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Naan Bread

post #1 of 27
Thread Starter 
Saturday I was working on perfecting my ranch style beans and while they were cooking I was cruising through different BBQ sites and stumbled across a post of Don Marco’s. Mrs JPT was watching over my shoulder at the spread he produces and saw the naan bread he is always cooking. We were talking about what to have with the beans and decided to try some naan bread. I googled it and came up with several recipes that were at lot of work, then I read the comments on one of them and they made it in their bread machine, voilà. I threw the ingredients in the machine and 1 ½ hrs later it was ready, cooked it on the Weber Genesis E310 at 400° for 2 minutes each side, it was too hot and too long and was a little dark.

Here is the only pic I took, at the suggestion of Mrs JPT, with a bowl of beans.

Sunday I decided to try it again, here it is on the grill.

Turned over.

Plated, …Friday night I tried TasunkaWitko’s chicken and garlic, ‘poulet au quarante gosse d’ail,’ it was very good, cooked it in French CI in the Genesis, so I split the naan bread, reheated the leftover chicken in chicken broth and stuffed the naan with poulet and some of the leftover garlic, all I can say is oh la la. Next time I add some Moz to the sandwich.

Naan Bread
2 teaspoons dry yeast
1 ¼ cup warm water (110°) thermapen works great for this
¼ cup white sugar
3 tablespoons dry milk powder
1 egg, slightly beaten with fork 2 teaspoons salt
3 ½ cups unleavened flour

¼ cup melted butter to be used for grilling

Place in bread machine, wet ingredients first, then dry and lastly yeast, set machine on dough cycle.

Add end of cycle remove dough and place in oiled bowl, flour hands and pinch of golf ball sized balls of dough, flatten with hands and place one on top of another, using two dough balls to make one bread, continue this until all of the dough is used. (As you can see some of mine were larger than golf balls.) Cover with a towel and let rise 30 minutes.
Preheat grill, spread ½ of the melted butter on the top side of the bread, when the grill reaches 250° use a spatula and place bread on grill, butter side down.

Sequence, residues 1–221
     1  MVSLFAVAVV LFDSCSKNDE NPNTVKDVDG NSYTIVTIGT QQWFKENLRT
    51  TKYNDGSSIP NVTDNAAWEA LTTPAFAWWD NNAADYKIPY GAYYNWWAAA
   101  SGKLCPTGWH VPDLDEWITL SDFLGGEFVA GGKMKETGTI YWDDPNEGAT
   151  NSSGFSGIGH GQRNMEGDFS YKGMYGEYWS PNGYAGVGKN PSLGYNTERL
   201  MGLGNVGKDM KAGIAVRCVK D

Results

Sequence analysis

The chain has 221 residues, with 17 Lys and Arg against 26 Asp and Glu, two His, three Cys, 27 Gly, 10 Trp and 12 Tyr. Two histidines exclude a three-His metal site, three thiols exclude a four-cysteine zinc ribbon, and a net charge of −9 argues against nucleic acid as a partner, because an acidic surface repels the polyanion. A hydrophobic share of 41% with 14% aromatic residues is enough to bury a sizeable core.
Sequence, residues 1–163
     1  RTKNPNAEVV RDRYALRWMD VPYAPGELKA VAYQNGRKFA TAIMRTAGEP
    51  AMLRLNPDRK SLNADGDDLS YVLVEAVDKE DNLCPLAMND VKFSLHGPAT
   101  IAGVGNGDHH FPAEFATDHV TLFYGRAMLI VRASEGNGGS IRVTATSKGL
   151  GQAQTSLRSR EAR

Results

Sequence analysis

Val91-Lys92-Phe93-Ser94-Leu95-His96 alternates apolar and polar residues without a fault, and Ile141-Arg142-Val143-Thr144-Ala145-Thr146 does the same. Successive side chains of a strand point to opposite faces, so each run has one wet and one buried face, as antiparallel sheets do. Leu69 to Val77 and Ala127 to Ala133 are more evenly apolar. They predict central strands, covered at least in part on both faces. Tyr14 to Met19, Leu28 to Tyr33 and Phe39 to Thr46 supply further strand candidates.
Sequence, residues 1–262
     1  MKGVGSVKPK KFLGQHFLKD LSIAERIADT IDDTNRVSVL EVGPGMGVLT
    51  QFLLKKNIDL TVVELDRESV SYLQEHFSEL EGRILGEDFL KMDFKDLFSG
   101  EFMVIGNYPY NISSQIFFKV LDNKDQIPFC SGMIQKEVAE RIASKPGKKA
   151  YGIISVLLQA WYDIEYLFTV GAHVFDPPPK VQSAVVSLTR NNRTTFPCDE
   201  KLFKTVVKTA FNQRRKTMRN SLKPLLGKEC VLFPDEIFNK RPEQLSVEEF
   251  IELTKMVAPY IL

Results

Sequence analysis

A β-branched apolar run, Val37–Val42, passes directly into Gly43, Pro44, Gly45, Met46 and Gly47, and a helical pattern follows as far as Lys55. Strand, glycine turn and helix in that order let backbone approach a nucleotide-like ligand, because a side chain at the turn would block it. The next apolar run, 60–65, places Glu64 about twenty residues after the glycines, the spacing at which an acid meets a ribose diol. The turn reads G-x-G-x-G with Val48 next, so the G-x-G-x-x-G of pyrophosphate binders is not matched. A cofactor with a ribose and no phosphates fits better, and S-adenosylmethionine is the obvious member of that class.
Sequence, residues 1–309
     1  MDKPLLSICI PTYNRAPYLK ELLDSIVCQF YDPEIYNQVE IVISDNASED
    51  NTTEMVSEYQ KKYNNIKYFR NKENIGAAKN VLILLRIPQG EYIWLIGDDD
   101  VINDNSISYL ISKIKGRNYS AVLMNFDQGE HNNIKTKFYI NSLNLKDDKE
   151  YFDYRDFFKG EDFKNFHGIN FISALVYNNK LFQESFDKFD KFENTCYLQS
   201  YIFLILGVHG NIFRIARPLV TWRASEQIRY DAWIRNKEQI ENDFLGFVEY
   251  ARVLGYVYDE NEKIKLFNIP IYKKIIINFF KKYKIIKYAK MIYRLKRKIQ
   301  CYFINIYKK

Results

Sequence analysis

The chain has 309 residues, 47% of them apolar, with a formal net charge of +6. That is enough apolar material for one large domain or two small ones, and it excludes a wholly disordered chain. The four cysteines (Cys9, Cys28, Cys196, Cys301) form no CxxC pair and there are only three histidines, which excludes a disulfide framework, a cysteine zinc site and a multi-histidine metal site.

Coat the uncooked side with melted butter, after about 1 ½ -2 minutes check underside for a slightly brown color, bread will be puffy, turn over and cook about 1 ½ minutes and check color, it cooks very fast so be careful.

This bread is very quick, hassle free, tasty and the possibilities are endless, as an accompaniment, stuffed like a pita, or as DM does, slice it and place a slice of beef on top with cheese and serve as an appetizer.

Thanks for looking at my Q-view and I hope you like naan bread as much as we do,

post #2 of 27
What country did this bread originate in. My wife just started making bread again some of her first loafs were very hard and dence. She has contuied with it and now we can eat it more like real bread. This bread you are naking almost looks like a flatbread like in mexico or like a pita. Thats why I'm wondering where it came from.
post #3 of 27
Excellent looking sandwich and breads! Congratulations PDT_Armataz_01_37.gif
post #4 of 27
Although I don't know exactly where it originated from, it is somewhere in Asia and is very common in parts of the Middle East. Generally speaking, it is pretty common in places where they don't use forks, they just grab their food with the bread. I was in Pakistan, and it was served with just about every meal, so I'm guessing it is popular in India and Afghanistan too. When I've been further South into Asia (off the mainland), I don't remember seeing it as much or at all.
post #5 of 27
excellent-looking meals and the naan bread loks really nice! thanks for sharing the recipe!points.gif

hope you don't mind, but i "borrowed" the recipe ~ PDT_Armataz_01_04.gif
post #6 of 27
Naan is originally from India but I have seen it served with middle eastern food as well.

The second batch looks just about perfect. Thanx for the qview!

post #7 of 27
Bread Looks Great, Thanks For the Recipe...
post #8 of 27
Thread Starter 
Thank you all for the kind words, the recipe said it was from India.

post #9 of 27
naan is a term used for almost any flat bread cooked in a tandoor. there are many different styles from region to region.